One of the principle disadvantages of conventional absorptive devices is the maceration of the skin caused by prolonged contact with absorbed fluids. One especially common manifestation of this maceration is diaper rash generally occurring about the base of the trunk of infants. In order to minimize the effect of prolonged liquid contact with the skin, absorptive devices such as diapers have been produced with the body contacting topsheet thereof designed to exhibit a greater degree of surface dryness. For example, U.S. Pat. No. 3,327,625 issued to Johnson on Mar. 1, 1966, teaches the use of a hydrophobic material in the crotch area of the diaper to cause moisture to wick away from the skin of an infant wearer and thereby provide a substantially dry surface in contact with the infant's skin. U.S. Pat. No. Re. 26,151 issued to Duncan et al. on Jan. 31, 1967, teaches the use of porous, hydrophobic, nonwoven fabrics as topsheets. U.S. Pat. No. 2,916,037 issued to Hansen on Dec. 8, 1959, is a further example of the use of a nonwoven topsheet.
U.S. Pat. No. 3,814,191 issued to Kozak on June 4, 1974, attacks the problem of a wet topsheet in a manner slightly different from the use of hydrophobic nonwoven materials. Kozak suggests a topsheet of a non-fibrous, hydrophobic film which is provided with a plurality of valvular slits which restrict the reverse flow of liquid from the absorbent element of the device. U.S. Pat. No. 3,929,135, issued to Thompson on Dec. 30, 1975, suggests a topsheet of liquid-impermeable material provided with tapered capillaries, said capillaries having a base in the plane of the topsheet and an apex remote from the plane of said topsheet.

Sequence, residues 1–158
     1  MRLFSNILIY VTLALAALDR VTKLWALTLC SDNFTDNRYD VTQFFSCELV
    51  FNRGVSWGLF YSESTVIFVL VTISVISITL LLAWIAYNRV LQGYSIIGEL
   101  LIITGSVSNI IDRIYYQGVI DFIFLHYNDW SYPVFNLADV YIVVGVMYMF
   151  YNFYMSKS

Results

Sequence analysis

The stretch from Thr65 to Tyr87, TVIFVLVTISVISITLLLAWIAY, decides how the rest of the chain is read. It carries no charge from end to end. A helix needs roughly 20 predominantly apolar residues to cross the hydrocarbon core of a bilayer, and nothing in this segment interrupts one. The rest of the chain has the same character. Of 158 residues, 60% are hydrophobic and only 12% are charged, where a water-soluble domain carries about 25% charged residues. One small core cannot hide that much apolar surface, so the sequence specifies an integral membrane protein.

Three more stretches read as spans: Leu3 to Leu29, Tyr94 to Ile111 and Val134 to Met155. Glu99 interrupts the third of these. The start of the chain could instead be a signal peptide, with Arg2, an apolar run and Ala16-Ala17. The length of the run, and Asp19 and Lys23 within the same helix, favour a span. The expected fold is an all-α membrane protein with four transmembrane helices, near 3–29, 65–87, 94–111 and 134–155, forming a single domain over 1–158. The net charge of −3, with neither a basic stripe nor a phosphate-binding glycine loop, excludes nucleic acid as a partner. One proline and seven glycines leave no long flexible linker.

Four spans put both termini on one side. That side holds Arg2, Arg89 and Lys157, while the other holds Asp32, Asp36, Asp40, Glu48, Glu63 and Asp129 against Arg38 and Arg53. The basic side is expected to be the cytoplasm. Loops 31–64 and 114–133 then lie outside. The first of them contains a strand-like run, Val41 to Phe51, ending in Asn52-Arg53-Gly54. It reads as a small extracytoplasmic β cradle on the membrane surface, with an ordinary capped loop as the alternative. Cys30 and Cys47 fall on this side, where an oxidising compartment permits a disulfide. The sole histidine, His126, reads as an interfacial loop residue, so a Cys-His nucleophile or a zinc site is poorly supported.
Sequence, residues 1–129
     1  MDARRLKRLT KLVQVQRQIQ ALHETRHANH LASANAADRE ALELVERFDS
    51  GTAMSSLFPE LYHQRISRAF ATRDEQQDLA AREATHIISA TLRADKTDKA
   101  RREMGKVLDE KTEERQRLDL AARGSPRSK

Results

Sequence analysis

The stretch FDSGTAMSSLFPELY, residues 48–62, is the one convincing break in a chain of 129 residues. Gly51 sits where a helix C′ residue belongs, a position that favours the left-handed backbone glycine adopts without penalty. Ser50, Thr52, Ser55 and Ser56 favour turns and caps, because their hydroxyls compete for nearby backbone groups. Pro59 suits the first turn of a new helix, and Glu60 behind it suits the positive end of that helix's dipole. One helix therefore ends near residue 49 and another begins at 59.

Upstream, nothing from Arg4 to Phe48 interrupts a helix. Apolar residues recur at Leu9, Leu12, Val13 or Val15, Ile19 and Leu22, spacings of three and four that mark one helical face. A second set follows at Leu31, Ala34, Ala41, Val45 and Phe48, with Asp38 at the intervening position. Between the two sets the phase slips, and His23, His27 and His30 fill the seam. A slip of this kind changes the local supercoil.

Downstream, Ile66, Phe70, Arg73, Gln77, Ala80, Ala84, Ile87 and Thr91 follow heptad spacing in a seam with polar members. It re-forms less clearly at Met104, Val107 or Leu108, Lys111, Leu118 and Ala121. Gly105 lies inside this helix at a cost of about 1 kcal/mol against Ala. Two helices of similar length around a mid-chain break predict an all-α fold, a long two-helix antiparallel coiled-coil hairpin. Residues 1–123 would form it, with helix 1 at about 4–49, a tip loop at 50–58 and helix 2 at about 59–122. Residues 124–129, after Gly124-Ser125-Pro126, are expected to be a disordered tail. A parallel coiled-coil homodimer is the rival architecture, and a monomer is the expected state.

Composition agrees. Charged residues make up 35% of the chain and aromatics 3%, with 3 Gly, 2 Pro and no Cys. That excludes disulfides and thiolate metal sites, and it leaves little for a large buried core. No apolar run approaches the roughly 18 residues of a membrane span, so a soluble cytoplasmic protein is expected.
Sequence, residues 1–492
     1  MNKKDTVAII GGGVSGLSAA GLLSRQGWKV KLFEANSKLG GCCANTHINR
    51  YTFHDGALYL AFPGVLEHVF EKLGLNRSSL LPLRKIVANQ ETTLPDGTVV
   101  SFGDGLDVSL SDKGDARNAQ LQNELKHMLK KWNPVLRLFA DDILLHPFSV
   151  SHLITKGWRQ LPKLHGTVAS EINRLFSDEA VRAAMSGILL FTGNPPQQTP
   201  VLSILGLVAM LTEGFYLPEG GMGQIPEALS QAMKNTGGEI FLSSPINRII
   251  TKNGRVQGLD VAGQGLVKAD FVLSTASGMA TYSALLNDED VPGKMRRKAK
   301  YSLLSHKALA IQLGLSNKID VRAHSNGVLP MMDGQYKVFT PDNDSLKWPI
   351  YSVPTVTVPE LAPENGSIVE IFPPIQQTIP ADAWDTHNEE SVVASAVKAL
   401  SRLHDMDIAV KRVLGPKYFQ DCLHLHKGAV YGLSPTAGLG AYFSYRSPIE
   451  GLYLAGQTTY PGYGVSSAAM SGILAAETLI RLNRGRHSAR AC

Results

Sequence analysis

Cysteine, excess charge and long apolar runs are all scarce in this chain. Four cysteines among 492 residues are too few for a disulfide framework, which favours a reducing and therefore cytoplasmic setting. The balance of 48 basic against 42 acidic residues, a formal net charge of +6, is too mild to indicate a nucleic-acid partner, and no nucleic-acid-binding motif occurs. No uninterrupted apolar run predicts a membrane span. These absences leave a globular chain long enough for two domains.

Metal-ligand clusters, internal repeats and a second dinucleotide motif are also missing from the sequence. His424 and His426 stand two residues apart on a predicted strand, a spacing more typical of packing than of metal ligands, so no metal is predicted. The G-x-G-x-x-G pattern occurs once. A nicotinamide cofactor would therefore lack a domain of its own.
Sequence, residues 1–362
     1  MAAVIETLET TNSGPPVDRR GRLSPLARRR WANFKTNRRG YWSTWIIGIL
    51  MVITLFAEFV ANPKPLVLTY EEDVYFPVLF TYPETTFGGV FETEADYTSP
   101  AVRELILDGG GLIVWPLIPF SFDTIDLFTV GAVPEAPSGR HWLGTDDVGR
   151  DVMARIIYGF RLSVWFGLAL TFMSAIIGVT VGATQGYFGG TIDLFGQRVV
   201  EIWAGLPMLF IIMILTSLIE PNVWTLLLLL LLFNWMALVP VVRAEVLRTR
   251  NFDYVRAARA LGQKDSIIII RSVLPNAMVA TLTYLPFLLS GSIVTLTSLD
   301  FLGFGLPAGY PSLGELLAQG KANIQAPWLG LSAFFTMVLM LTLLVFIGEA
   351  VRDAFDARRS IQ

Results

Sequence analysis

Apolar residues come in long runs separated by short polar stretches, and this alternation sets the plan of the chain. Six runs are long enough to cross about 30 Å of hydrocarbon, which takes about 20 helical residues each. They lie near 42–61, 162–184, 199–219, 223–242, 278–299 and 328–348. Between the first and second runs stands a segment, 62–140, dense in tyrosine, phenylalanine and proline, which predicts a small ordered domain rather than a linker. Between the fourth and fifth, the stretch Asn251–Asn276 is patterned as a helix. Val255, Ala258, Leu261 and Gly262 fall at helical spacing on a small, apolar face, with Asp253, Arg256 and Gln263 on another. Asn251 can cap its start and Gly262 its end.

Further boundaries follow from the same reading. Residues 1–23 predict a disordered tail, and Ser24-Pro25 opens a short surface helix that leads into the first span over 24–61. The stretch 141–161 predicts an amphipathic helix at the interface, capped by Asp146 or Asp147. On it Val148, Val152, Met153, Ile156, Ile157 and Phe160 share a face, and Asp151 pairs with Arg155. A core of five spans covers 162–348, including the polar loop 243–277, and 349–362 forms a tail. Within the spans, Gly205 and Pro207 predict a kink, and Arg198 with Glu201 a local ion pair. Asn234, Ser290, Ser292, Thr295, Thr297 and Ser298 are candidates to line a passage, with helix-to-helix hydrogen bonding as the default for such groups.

U.S. Pat. No. 3,934,588 issued to Mesek et al. on Jan. 27, 1976, suggests a topsheet provided with areas of preferential liquid flow surrounded by areas of increased water repellancy relative to the areas of preferential liquid flow. The areas of preferential liquid flow are, in preferred embodiments, in the form of thinned areas, areas of increased wettability or areas of normal wettability surrounded by water repellant borders. The preferential liquid flow areas are spread over at least the central portion of the facing layer to direct liquid to the absorbent pad.